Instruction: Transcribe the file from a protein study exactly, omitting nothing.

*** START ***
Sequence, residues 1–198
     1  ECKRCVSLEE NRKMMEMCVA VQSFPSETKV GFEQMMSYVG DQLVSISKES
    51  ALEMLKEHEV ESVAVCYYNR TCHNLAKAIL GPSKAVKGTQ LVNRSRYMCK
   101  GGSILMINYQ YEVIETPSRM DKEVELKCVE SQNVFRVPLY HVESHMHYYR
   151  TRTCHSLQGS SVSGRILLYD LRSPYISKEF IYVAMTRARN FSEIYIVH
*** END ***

Sequence, residues 1–198
     1  ECKRCVSLEE NRKMMEMCVA VQSFPSETKV GFEQMMSYVG DQLVSISKES
    51  ALEMLKEHEV ESVAVCYYNR TCHNLAKAIL GPSKAVKGTQ LVNRSRYMCK
   101  GGSILMINYQ YEVIETPSRM DKEVELKCVE SQNVFRVPLY HVESHMHYYR
   151  TRTCHSLQGS SVSGRILLYD LRSPYISKEF IYVAMTRARN FSEIYIVH